Dick Grayson (Narrative Caption): Lucky. Just plain lucky. All the weapons on this craft...to fight Kryptonians...I can use them to fight--That's two pages. Two pages where one character's dialogue is interrupted by a narrative caption, and that same character interrupts her own narrative caption with another narrative caption! The next page features this interestingly unnecessary bit of punctuation:
Supergirl (Dialogue): Grayson!
Dick (Dialogue): I'm fine. Space-suit--just deal with--
Supergirl (Narrative): Sure. He's here for me anyway. I'm going to--
Supergirl (Narrative): Wait. No...
Supergirl (Narrative): ...it's not me he wants at all.
Boodikka (Dialogue): Ring? Why can't I--
Jade (Dialogue): Go, Jesse!...I understand using an ellipsis to link separated balloons or boxes; they demonstrate that a thought hasn't been finished, what in actual dialogue would be a hanging or pregnant pause. Such a pause is hard to accomplish directly after an exclaimed order.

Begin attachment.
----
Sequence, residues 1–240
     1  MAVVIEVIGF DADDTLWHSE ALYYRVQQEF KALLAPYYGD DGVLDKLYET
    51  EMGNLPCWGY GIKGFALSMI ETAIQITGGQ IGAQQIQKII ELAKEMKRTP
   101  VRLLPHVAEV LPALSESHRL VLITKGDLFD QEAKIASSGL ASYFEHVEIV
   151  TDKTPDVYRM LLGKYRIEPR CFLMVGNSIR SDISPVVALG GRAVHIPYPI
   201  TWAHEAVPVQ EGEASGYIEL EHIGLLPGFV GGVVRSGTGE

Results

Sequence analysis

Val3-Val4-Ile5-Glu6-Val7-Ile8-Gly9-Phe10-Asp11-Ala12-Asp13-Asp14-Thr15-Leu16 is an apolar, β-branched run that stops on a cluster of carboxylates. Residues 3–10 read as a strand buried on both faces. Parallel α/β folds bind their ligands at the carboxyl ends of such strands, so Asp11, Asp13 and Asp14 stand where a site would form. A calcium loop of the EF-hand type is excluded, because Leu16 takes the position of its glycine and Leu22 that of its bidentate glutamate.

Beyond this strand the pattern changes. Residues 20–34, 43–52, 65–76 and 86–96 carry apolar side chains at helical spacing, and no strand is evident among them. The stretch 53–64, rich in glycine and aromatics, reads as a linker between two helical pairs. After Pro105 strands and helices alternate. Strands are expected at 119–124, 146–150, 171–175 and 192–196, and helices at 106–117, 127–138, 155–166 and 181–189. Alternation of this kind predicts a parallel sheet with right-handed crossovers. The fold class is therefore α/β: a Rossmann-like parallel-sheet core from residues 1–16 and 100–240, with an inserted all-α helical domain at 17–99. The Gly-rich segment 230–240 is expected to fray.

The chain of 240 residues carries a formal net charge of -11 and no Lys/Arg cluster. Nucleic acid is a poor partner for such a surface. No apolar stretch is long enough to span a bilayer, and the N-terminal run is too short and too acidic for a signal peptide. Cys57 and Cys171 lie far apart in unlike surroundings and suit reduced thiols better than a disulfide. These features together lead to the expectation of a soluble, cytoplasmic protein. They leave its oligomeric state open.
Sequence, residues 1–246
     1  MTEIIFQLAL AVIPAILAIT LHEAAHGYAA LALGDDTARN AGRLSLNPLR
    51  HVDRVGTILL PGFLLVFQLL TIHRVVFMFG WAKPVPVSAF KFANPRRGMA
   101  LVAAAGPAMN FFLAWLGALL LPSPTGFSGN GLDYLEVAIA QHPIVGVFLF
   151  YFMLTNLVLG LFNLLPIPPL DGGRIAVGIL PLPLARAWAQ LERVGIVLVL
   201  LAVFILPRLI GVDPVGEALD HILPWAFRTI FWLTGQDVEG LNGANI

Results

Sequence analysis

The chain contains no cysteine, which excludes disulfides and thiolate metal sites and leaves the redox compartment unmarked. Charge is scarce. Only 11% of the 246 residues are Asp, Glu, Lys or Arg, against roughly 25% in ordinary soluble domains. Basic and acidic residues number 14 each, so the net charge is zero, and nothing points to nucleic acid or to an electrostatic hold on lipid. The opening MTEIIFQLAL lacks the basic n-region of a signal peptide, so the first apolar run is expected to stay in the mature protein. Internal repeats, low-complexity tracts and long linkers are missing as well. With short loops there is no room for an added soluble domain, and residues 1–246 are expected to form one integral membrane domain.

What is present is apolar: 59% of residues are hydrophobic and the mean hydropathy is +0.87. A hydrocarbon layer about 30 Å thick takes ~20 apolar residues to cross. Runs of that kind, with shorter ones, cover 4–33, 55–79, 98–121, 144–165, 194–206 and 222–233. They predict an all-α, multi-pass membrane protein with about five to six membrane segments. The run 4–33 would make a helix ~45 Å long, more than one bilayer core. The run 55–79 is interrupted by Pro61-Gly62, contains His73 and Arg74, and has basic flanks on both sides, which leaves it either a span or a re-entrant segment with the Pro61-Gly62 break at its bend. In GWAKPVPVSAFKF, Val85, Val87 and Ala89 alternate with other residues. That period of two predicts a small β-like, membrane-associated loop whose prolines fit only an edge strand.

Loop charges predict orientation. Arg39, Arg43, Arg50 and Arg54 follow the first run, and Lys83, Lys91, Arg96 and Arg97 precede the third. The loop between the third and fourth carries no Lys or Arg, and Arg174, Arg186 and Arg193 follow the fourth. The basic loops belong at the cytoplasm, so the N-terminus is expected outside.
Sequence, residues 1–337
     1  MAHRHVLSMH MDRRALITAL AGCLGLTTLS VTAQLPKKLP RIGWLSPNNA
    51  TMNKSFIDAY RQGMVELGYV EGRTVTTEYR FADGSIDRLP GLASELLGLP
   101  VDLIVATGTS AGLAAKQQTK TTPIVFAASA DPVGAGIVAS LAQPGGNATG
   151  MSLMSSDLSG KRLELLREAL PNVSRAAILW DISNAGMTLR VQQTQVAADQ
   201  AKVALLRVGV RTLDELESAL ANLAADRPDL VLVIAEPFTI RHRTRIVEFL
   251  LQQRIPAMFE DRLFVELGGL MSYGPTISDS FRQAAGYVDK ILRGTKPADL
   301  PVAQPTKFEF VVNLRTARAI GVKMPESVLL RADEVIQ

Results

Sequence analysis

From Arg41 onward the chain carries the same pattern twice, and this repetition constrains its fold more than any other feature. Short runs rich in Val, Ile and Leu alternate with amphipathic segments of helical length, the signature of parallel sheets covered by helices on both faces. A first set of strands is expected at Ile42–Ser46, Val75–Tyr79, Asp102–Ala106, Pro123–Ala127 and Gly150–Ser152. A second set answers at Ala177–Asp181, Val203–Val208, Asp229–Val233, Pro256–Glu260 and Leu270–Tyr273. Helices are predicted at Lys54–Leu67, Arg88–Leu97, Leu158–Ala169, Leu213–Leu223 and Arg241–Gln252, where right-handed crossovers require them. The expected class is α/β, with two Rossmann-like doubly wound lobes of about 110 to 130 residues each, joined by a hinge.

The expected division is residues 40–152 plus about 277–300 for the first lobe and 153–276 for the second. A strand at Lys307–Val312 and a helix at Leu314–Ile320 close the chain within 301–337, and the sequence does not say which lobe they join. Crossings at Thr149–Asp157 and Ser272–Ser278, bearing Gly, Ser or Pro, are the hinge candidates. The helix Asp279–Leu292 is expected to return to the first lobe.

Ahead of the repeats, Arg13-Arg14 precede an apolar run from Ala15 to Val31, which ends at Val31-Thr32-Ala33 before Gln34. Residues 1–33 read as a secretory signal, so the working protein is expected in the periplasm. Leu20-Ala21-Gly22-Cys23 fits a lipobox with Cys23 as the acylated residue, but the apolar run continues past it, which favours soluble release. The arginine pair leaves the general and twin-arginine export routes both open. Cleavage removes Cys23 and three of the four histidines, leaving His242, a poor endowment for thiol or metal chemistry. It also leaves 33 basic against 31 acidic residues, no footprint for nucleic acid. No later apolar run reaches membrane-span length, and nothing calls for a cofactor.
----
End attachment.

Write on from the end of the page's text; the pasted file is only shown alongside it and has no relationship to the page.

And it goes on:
Jade (Dialogue): ...Take my father away from this. Now. Please. Now.
The rest of the book features a "bubble ending in a double-dash, indicating sudden stopping or interruption" fifteen times in the remaining eleven story pages. This includes such interesting instances as Supergirl thinking "He'll kill Grayson, I w--," with no apparent reason to stop thinking, then saying "Me! Hit m--," somehow being interrupted in the middle of a single-syllable word. That particular disease hits Batman's next speech bubble, "That was too close f--."
Look, it's nitpicky, I know. But it's also a ridiculous excess of punctuation, and generally for no good reason. This is the kind of nitpicking that editors are paid to pick up on as being clunky and unnatural, and then fix it. 90% of the ellipses and double-dashes in this book could be replaced with commas, taken out entirely, or (heaven forbid) replaced with words, without losing an iota of the sense of urgency from the dialogue and narration of a book centered around fight scenes. It would have the added advantage of allowing us to see what Supergirl "w--," and not forcing us to believe that someone could be interrupted in the middle of a two-letter word1